You are here

Belmont Square

-A A +A
1833.
  • Belmont Square

The East Boston Company began developing Jeffries Point with the Belmont Square neighborhood in 1833. Located at the top of Camp Hill, the rectangular Belmont Square (now Brophy Memorial Park) provided panoramic views of Boston Harbor. A row of nine Greek Revival brick bowfront row houses at 177–193 Webster Street defines the southern boundary of the square, looking much like contemporary buildings on Beacon Hill, in the South End, or in Charlestown. On three of the original 90 × 100–foot lots, Benjamin Lamson built these houses between 1847 and roughly 1852 for professionals and businessmen working primarily in Boston, reached by steam ferry. Farther east on Webster Street, contemporary and later brick and wood frame houses survive from the mid- and late nineteenth century. At the southeast corner of Belmont Square, the Golden Stairs, a recently reconstructed run of concrete steps descends the steep southern face of Camp Hill to Marginal Street at the water's edge.

The location of an immigration station (demolished) at Jeffries Point led to rapid changes in East Boston's population in the second half of the nineteenth century. On the north edge of Belmont Square stands Our Lady of the Assumption (1869–1873, Patrick C. Keely, 404 Summer Street), the third Roman Catholic parish created to serve new Irish and French Canadian immigrants. Nearby, overlooking Belmont Square, stands the former Our Lady of the Assumption School (1890–1891, Herman Drake, builder) at 611–615 Seaver Street, now converted to housing. Just southwest of Belmont Square, the intact Tudor Revival Samuel Adams Elementary School (1910, Brigham, Coveney and Brisbee) at 165 Webster Street documents the rapid expansion of public schools at the turn of the century, as the population of East Boston more than doubled between 1885 and 1915.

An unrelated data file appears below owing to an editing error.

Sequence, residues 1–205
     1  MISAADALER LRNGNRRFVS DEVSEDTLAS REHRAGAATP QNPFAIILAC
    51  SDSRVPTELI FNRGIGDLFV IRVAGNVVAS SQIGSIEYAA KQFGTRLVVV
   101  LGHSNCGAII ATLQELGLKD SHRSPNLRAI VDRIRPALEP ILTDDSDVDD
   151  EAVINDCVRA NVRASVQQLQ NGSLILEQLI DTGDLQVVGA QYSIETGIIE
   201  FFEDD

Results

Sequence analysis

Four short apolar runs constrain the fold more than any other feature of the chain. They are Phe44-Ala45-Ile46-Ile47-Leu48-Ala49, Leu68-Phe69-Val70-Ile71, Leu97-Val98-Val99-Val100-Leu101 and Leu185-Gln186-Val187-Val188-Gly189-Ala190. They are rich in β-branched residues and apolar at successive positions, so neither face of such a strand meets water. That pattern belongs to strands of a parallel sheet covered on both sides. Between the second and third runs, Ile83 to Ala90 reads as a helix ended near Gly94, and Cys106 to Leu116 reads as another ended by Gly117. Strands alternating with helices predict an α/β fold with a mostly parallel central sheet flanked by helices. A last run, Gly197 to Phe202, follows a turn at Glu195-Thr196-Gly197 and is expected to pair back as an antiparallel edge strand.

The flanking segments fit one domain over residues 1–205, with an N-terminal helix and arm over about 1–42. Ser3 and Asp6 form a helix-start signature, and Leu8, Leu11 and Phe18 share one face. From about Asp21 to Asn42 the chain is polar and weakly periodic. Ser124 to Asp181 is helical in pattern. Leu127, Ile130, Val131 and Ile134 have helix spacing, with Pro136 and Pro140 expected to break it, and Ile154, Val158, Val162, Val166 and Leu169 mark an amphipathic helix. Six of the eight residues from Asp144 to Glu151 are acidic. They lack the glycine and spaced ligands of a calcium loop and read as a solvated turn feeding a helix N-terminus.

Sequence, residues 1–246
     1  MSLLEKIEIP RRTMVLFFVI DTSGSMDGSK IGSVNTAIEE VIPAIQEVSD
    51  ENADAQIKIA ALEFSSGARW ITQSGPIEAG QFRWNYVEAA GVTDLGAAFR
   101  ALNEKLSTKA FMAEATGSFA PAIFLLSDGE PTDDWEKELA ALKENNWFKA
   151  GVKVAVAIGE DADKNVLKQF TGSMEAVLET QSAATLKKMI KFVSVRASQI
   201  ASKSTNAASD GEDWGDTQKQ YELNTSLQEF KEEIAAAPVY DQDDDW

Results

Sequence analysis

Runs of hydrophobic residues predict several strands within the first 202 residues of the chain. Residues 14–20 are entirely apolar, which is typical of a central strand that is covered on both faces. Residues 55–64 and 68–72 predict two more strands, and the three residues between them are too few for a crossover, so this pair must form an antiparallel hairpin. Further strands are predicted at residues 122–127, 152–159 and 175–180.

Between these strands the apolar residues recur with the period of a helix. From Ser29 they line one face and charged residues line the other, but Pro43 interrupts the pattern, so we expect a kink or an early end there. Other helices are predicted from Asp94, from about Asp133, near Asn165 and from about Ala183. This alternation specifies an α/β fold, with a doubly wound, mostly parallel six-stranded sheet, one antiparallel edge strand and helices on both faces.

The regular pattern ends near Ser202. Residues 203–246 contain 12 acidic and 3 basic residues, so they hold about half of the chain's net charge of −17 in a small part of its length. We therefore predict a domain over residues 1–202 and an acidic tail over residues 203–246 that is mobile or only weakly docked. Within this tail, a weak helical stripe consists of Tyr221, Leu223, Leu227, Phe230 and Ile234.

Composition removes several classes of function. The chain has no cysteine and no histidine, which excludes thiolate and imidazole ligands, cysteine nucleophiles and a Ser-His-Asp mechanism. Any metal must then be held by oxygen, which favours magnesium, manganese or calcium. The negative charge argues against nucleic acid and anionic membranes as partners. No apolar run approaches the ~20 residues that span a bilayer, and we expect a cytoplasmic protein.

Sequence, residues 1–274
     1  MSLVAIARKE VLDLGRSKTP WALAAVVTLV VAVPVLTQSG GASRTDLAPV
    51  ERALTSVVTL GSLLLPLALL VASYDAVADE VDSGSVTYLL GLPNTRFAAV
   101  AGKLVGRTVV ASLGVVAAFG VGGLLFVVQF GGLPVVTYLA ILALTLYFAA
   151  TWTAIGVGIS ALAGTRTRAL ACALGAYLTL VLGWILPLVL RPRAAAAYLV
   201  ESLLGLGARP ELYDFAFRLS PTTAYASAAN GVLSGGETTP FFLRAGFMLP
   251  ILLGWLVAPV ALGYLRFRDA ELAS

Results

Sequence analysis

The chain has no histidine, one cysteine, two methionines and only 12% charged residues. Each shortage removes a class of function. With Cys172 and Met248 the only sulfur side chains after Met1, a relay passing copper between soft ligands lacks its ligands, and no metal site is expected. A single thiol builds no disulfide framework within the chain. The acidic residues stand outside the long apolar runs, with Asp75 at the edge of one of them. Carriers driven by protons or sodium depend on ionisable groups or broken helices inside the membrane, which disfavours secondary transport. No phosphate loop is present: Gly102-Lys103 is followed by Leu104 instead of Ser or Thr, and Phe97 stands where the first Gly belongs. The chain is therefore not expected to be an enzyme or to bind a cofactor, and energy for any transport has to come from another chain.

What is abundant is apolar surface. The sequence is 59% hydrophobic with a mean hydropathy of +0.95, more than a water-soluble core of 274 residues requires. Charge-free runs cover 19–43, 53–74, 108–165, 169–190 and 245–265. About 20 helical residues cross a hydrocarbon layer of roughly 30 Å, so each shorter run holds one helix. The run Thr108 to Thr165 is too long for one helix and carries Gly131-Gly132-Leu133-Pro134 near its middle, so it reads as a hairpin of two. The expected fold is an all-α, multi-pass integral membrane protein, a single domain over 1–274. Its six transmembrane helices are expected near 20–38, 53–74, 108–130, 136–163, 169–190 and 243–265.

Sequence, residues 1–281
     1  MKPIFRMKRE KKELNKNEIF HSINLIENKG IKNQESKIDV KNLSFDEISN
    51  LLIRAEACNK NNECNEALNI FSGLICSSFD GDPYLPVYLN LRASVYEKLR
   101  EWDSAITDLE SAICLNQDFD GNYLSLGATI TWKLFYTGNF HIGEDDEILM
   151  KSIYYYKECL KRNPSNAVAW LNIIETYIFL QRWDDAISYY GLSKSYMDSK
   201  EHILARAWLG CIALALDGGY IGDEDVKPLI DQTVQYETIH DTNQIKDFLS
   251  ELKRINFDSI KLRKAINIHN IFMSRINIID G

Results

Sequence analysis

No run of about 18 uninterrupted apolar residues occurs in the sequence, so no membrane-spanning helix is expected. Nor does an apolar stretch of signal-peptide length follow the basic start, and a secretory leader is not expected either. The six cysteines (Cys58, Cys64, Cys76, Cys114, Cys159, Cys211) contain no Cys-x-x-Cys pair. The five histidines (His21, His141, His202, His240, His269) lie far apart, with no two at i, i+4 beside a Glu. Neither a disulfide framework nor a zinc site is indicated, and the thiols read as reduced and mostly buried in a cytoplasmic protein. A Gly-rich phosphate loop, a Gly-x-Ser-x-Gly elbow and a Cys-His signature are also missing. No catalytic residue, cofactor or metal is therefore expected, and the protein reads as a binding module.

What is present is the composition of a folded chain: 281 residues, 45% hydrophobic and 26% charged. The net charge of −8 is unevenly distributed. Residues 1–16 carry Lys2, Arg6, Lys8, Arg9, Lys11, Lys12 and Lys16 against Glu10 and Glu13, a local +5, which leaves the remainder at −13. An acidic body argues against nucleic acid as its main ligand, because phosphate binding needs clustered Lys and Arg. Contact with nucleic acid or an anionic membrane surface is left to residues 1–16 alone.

Writing Credits

Author: 
Keith N. Morgan
×

Data

What's Nearby

Citation

Keith N. Morgan, "Belmont Square", [Boston, Massachusetts], SAH Archipedia, eds. Gabrielle Esperdy and Karen Kingsley, Charlottesville: UVaP, 2012—, http://sah-archipedia.org/buildings/MA-01-EB4.

Print Source

Cover: Buildings of Massachusetts

Buildings of Massachusetts: Metropolitan Boston, Keith N. Morgan, with Richard M. Candee, Naomi Miller, Roger G. Reed, and contributors. Charlottesville: University of Virginia Press, 2009, 215-216.

If SAH Archipedia has been useful to you, please consider supporting it.

SAH Archipedia tells the story of the United States through its buildings, landscapes, and cities. This freely available resource empowers the public with authoritative knowledge that deepens their understanding and appreciation of the built environment. But the Society of Architectural Historians, which created SAH Archipedia with University of Virginia Press, needs your support to maintain the high-caliber research, writing, photography, cartography, editing, design, and programming that make SAH Archipedia a trusted online resource available to all who value the history of place, heritage tourism, and learning.

, ,